Re: [BUG] Generic syscalls -- chmod vs. fchmodat

From: Roland McGrath
Date: Tue Jan 25 2011 - 12:45:36 EST

> My feeling is that it should be in glibc: as Mike mentioned, we don't normally
> change the behavior of existing system calls unless they are obviously
> broken to start with. If we want to keep fchmodat getting the implicit
> "." directory, and at the same time keep fchmod returning an error, the fchmod
> wrapper around fchmodat is the only place that can enforce this.

My point was that it's quite arguable that the *at syscall interfaces were
broken to begin with. I've never seen anything suggesting their intent was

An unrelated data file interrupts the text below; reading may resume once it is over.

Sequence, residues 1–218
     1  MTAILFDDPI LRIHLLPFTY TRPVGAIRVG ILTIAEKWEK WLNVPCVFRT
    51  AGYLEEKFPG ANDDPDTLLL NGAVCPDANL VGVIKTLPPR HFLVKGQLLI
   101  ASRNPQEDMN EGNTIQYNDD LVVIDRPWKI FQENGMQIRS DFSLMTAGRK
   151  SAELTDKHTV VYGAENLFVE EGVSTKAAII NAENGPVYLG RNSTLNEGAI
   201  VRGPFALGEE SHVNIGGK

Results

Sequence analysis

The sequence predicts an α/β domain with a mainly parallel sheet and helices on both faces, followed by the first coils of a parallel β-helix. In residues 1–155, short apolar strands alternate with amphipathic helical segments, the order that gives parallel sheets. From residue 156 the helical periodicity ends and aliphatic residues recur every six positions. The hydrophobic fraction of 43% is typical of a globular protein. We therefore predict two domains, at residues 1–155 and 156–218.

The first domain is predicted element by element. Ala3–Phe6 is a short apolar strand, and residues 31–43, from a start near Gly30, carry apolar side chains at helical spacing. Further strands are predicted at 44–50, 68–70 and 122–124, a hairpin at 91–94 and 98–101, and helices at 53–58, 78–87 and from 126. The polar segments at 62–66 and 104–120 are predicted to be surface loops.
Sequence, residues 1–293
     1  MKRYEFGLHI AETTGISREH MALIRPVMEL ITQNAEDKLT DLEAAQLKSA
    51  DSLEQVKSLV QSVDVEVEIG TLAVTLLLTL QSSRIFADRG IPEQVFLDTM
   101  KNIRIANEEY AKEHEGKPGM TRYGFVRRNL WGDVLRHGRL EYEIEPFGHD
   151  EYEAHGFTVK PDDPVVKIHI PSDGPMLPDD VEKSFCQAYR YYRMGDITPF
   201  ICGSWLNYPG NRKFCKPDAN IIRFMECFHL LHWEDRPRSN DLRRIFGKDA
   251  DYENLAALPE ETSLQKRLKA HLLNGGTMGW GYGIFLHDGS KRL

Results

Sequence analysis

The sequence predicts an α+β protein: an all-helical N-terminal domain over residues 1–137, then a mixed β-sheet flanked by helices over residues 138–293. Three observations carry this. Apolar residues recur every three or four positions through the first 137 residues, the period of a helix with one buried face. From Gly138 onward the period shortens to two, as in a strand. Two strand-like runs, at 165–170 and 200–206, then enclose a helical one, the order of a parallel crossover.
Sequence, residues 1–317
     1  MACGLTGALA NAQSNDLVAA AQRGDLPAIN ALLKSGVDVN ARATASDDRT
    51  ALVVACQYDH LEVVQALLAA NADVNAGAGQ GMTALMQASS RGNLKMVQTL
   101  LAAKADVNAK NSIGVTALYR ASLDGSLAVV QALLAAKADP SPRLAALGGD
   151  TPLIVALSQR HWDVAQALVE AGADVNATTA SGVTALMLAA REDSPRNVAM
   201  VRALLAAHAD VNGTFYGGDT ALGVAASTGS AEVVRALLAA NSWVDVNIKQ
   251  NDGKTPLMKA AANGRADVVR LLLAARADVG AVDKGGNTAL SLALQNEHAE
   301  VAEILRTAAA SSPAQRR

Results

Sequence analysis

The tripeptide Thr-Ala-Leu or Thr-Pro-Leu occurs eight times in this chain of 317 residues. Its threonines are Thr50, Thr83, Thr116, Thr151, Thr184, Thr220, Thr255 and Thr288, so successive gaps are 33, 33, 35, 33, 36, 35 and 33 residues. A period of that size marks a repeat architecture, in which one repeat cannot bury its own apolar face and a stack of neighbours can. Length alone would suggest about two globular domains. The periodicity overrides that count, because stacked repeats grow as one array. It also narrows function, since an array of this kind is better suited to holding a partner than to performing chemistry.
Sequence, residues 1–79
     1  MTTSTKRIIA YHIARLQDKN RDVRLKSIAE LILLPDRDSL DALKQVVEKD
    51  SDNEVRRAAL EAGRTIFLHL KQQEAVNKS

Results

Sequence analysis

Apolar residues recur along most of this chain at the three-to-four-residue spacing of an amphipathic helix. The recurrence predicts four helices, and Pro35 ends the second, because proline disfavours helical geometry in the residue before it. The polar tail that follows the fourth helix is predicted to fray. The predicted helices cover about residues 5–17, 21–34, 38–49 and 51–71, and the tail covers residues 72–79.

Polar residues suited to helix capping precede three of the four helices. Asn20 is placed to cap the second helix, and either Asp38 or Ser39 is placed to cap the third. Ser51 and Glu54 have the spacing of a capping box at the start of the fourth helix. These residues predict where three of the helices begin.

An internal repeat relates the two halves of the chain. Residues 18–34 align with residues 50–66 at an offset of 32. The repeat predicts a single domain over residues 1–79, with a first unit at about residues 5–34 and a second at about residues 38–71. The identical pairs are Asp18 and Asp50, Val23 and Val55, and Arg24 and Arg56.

other than to permit relative pathnames, and the empty string has never
been a valid relative pathname. To fit the POSIX requirements as I read
them, the *at functions must refuse to resolve the empty string. So if the
kernel does not change and my interpretation of POSIX stands, then libc
must wrap all the *at syscalls with a function that checks for the empty
string and fails with ENOENT as a special case.

I don't have any strong opinion about this subject, but it makes the most
sense to me for the kernel's behavior to change. I know of no reason to
think that the current treatment of the empty string was ever intended at
the creation of the *at interfaces.

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